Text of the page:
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Toucan Can WhenWeWake_CVR_128x198x21.5_FA.indd NZPost_ChildrensBk_Awards_logo
Some­where in Cali­for­nia or Tuvalu or Ore­gon or parts unknown, stacks upon whirr­ing stacks of mag­net­ic data stor­age pile e’er high­er the records of our every social trans­ac­tion and PDFs of the nov­els we swear we’re going to fin­ish. We all know the Inter­net is Mak­ing Us Stu­pid and Killing Reli­gion and slowly irra­di­at­ing tomorrow’s chil­dren out of exist­ence right through the crotch of our jeans, but thanks to all-per­vas­ive online backups and way­back machines, nobody’s cat-pic­ture addic­tion is going to van­ish overnight. So, the hero­ic Messrs Snowden, Gre­en­wald et al. not­with­stand­ing, we’re prob­ably going to be star­ing at this thing for the fore­see­able future.

But even as we bleed our hearts out over the culture’s shared inab­il­ity to leave the pre­fix cyber- back in the 1990s, it’s worth remem­ber­ing that plenty of things aren’t marooned in the cloud. That lec­ture you wanted to quote from in an email you were work­ing on? Off­line only. The Short­land Street story arc that provided dec­ades-out fore­shad­ow­ing of last night’s cliff­hanger? Well come on, of course that’s not online. The per­fectly pre­served volume of loc­al verse, wait­ing for you at the end of the shelf right at the back? Why would that be online?

We’re inter­ested in inter­sec­tions both in the polit­ic­al sense and the mixed-media sense,” says Emma Barnes, co-founder of Cats & Spa­ghetti Press. Emma and Pip Adam, author of the Vic­tor­ia Uni­ver­sity Press-pub­lished Everything We Hoped For and I’m Work­ing On a Build­ing, launched Cats & Spa­ghetti out of a desire to share work that, as Emma puts it, “might not always get pub­lished because it’s a bit weird or in a dif­fer­ent format. Stuff that maybe needs a dif­fer­ent approach or is more multimedia.”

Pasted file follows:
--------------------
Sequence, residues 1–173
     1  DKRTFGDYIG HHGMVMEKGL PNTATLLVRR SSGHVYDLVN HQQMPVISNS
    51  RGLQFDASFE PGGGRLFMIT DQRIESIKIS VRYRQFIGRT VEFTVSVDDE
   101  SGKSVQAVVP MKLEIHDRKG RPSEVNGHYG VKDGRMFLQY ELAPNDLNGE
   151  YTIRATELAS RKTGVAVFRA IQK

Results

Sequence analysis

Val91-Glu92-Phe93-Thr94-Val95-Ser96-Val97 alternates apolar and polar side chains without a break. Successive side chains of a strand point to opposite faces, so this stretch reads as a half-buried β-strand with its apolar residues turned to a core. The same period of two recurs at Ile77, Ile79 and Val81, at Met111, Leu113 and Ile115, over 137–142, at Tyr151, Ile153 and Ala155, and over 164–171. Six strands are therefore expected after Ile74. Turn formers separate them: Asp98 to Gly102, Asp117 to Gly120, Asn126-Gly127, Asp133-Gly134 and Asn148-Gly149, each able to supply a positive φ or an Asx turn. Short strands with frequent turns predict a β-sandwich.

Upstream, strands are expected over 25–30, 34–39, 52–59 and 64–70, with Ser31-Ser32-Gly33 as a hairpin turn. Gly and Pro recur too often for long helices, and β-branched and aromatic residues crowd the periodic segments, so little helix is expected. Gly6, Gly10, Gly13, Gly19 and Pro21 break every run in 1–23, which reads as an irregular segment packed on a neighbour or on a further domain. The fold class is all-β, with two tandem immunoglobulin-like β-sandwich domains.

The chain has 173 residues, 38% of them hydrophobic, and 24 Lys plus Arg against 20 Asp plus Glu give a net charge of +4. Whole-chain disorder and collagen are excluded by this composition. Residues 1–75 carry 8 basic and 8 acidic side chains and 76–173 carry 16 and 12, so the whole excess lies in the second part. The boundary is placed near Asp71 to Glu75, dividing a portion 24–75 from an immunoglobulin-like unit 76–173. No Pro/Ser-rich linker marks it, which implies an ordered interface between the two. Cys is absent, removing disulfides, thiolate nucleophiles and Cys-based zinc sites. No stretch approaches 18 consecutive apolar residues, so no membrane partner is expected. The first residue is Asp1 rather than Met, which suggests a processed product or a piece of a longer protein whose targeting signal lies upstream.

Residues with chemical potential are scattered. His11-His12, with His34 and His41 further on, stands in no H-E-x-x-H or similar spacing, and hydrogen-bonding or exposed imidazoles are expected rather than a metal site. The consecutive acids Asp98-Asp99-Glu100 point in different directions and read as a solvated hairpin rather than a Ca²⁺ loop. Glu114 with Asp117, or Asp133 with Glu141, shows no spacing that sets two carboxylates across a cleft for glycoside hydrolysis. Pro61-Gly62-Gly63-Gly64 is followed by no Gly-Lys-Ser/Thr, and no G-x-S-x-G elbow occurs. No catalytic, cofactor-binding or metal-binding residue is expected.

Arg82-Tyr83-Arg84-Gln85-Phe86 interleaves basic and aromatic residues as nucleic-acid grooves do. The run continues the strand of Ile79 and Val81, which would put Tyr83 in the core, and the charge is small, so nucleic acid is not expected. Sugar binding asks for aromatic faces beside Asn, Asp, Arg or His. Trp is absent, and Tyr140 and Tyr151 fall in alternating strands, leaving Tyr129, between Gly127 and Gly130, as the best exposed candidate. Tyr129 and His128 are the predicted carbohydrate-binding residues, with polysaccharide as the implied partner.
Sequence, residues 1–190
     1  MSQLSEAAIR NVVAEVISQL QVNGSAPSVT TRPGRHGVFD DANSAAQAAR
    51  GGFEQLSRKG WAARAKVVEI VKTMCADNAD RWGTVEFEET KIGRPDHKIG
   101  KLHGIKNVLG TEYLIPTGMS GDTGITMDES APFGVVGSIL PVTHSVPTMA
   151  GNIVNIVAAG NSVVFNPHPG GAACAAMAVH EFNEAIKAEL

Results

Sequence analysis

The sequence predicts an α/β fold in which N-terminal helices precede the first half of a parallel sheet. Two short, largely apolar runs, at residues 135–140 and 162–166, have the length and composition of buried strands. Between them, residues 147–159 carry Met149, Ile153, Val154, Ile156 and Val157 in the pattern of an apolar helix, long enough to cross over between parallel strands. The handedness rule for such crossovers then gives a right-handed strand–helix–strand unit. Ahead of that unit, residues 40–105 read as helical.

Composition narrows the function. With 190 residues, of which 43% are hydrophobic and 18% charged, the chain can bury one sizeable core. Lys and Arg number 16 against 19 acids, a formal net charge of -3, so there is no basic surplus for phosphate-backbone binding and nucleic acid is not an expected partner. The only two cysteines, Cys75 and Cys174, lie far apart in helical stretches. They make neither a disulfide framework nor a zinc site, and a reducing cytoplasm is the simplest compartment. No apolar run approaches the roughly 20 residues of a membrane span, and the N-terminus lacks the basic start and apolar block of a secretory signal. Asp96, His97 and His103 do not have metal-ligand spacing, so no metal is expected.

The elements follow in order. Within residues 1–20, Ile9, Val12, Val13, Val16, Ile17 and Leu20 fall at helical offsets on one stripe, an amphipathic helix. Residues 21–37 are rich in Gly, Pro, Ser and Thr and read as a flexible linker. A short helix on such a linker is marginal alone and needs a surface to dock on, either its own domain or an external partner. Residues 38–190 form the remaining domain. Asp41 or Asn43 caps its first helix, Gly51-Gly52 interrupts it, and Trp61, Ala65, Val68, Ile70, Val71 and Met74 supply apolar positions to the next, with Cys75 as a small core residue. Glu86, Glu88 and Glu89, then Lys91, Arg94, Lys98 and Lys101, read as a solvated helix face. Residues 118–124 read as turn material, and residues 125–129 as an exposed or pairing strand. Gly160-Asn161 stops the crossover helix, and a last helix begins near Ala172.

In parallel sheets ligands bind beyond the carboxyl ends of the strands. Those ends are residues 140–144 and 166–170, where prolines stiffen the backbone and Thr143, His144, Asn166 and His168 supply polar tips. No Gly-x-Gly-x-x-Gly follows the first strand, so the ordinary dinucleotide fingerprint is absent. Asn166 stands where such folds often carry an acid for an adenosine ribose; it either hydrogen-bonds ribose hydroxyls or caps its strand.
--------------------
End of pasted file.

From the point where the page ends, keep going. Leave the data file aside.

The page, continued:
It’s con­tent that brought its own con­tain­er, print media that res­ists the trans­ition to PDF, words that care about the paper they’re prin­ted on. The imprint’s first offer­ing — Pen Pal, a one-off pamph­let of poetry from Sug­ar Magno­lia Wilson — launched earli­er this month at a read­ing-slash-launch-party to mark the birth of Cats & Spaghetti’s first text-slash-arte­fact. You can reach Cats & Spa­ghetti Press via — ahem — Face­book for leftover copies.

Mean­while — and else­where on the Inter­net — the Chil­dren & Young Adults’ por­tion of the 2014 New Zea­l­and Post Book Awards will be announced on 23 June. A triple show­ing from Wel­ling­ton kid-lit power­house Gecko Press sees new work from Joy Cow­ley and Eliza­beth Knox nom­in­ated in the Juni­or and Young Adult cat­egor­ies (Cowley’s Dun­ger and Knox’s Mor­tal Fire, respect­ively), as well as a nod for Juli­ette MacIver and Sarah Davis’s irres­ist­ible Tou­can Can. They join Pori­rua edu­cat­or Gay Hay’s second col­lab­or­a­tion with illus­trat­or Mar­garet Tolland, Watch Out, Snail!, also nom­in­ated for Best Pic­ture Book; as well as the likes of Kar­en Healey’s second work of ingeni­ous young adult fantasy, When We Wake — a clev­er far-future update of Sleep­ing Beauty, skil­fully extra­pol­ated from all the most press­ing con­cerns of our own cyber-inund­ated day and age.

Tom Goulter

Tom is FishHead's book columnist. A Master's degree in Creative Writing from Victoria's International Institute of Modern Letters launched Goulter on the life of an itinerant man of letters, wandering the fractious United states in search of.. whatever it was Peter Fonda and Dennis Hopper were after, probably. Instead of getting shot by rednecks (yet), he returned to Wellington, where he essays semi-regularly into popular culture, psycho-geography, underground film-making, and the uncanny in all its myriad forms. Not a day goes by that he does not wish Manners Street still had Crystal city on it.

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